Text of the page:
Asset protection is no longer optional. In today's litigious society, anyone can sue you for anything. Let's put together a plan to protect your hard-earned money and assets from sue-happy people and their lawyers.
You've worked hard for your assets. You need a good asset protection plan to protect them.
Here's my recommended approach
Your asset protection plan should start with good insurance policies (which should include an umbrella policy). In fact, if you've got businesses in your asset mix, I recommend that you find a good insurance advisor to help you make sure that you various liability bases are covered. Some of the risks that people may not think about include:
- Cyber-liability (including data breach)
- Employer liability
- Defamation or invasion of privacy
In addition, there is literally dozens and dozens of exclusions or policy types that may or may not cover these and other types of liabilities or even business operations. Having the advice of a good insurance advisor is truly invaluable as a first step in protecting your assets.
Business entity planning
Business entities can provide an enormous amount of liability protection if done right.
Most businesses should be operated inside a business entity (most of the time as an LLC) and the biggest reason for this is liability protection. LLCs can also be used for protecting personal assets such as homes and real estate, and can even be used to make estate planning easier.
Business entities are an important step in asset protection. For some people who don't want to take the additional step of creating an asset protection trust, the combination of good insurance and proper business entity planning is a highly effective asset protection plan.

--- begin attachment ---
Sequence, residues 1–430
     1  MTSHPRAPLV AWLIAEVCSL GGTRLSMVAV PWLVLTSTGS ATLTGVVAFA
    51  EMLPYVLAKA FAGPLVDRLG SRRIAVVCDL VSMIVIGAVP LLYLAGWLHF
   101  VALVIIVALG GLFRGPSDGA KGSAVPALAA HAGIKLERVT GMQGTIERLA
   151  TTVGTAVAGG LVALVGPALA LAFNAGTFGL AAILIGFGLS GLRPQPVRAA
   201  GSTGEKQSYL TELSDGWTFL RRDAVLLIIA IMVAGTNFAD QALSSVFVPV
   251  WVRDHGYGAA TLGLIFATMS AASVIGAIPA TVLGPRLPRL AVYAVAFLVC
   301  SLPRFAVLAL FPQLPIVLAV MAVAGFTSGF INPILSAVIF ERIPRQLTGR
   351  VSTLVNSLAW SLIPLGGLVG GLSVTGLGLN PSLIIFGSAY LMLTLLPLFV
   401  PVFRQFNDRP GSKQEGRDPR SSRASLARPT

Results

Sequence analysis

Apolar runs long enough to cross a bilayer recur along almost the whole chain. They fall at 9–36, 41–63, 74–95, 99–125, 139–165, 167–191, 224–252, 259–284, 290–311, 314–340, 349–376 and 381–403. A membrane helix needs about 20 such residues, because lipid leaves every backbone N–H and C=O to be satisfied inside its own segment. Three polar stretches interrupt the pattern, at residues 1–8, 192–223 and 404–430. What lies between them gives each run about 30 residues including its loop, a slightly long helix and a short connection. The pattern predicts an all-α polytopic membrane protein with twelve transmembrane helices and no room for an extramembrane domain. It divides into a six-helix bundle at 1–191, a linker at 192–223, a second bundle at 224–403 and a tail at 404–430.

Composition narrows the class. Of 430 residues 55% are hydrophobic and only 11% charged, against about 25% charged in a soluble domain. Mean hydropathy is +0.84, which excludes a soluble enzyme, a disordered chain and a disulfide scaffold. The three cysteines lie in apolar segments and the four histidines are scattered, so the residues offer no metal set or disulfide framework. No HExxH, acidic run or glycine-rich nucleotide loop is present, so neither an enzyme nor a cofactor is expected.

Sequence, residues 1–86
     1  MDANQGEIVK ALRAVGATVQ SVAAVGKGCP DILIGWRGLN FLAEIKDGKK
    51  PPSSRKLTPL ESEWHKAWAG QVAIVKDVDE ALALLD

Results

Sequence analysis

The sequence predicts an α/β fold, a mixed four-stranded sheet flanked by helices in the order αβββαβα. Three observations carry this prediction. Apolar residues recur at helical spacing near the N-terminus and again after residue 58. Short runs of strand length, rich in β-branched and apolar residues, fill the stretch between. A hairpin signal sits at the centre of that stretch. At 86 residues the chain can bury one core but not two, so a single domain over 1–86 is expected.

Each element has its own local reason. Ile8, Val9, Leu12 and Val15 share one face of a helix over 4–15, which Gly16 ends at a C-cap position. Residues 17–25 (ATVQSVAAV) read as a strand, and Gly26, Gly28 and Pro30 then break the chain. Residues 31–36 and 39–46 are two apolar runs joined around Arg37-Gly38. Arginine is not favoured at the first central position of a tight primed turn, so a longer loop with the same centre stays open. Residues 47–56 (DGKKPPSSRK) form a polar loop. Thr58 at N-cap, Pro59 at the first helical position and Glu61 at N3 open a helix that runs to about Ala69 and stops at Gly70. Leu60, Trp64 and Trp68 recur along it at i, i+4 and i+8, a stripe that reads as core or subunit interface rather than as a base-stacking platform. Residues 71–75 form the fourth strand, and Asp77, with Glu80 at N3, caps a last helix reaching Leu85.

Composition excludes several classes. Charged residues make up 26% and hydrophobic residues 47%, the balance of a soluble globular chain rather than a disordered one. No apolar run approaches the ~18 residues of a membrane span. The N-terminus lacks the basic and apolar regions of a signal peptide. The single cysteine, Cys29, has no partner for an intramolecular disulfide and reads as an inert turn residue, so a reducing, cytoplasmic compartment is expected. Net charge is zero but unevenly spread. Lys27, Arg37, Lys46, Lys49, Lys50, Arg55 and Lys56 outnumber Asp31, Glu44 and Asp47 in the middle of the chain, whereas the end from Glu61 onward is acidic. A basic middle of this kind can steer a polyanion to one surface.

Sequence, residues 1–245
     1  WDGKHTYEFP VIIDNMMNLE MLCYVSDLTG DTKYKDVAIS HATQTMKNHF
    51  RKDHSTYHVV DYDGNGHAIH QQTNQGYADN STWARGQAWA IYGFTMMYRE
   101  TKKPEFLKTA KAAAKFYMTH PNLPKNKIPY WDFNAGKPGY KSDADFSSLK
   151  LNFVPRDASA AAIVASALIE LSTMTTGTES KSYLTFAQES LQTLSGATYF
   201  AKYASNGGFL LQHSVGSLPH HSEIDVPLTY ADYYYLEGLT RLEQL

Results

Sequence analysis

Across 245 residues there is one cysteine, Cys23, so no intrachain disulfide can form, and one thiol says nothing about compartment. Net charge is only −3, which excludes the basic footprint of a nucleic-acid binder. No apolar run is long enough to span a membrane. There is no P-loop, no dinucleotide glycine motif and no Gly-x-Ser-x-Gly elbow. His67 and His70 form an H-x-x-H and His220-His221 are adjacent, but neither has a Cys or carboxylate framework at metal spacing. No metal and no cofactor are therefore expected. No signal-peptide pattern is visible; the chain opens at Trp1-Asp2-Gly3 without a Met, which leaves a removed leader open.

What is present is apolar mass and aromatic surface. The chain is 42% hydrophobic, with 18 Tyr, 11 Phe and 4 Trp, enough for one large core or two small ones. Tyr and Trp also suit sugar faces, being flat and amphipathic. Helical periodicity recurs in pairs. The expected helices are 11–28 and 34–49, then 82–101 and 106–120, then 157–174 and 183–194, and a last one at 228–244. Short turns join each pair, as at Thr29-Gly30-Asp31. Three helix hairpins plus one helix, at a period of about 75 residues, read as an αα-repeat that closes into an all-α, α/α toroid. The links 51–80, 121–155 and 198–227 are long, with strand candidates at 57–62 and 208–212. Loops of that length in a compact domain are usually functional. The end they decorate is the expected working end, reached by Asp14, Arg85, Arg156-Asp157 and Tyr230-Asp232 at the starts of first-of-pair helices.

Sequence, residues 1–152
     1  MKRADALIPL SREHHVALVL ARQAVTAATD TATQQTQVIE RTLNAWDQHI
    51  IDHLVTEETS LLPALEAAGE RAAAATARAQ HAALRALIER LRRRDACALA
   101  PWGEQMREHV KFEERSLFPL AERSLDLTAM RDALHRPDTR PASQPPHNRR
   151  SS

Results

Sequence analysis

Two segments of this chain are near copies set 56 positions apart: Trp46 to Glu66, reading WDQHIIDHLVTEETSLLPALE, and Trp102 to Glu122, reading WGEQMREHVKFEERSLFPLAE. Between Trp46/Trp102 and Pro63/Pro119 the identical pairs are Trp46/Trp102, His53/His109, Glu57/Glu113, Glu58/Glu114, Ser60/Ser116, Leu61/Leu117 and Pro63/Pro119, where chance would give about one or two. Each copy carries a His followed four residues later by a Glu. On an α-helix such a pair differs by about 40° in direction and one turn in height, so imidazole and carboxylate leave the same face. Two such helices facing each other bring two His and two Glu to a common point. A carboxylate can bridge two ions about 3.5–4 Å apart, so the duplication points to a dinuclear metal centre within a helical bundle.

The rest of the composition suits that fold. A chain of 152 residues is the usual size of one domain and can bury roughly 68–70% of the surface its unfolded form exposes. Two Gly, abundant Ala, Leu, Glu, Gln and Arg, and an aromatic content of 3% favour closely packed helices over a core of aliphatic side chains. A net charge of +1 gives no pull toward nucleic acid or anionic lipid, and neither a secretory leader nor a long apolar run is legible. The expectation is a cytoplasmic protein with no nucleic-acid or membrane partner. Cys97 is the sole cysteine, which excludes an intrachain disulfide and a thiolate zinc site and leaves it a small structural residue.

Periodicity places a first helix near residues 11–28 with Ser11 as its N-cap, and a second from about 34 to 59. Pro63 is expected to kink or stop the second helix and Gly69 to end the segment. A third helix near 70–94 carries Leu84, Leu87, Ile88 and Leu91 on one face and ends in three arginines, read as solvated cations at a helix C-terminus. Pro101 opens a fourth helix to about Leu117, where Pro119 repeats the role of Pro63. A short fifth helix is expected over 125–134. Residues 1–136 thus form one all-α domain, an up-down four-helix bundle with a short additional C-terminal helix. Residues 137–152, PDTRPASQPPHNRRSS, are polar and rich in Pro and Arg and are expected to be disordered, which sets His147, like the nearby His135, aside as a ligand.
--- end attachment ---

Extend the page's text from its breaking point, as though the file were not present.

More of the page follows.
Asset protection trust
For the ultimate in asset protection, nothing beats an asset protection trust. An asset protection trust is essentially an irrevocable trust that is protected from creditors by law.
What happens when you put assets into an asset protection trust is that the assets no longer belong you to - they belong to the trust. Therefore, as long as certain requirements are met, creditors are no longer able to access it. Meanwhile, if you are named as a beneficiary of the trust, then you will be able to ask the trustee to pay parts of the trust assets to you when you need it.
Currently, the best state in which to form an asset protection trust is the state of Nevada. Nevada asset protection trusts offer a combination of a short statute of limitations (future creditors can only access the trust if they do so within 2 years of the funding of the trust) and no creditor exceptions.
Ready to get started with your asset protection plan?
Contact me today for a free consultation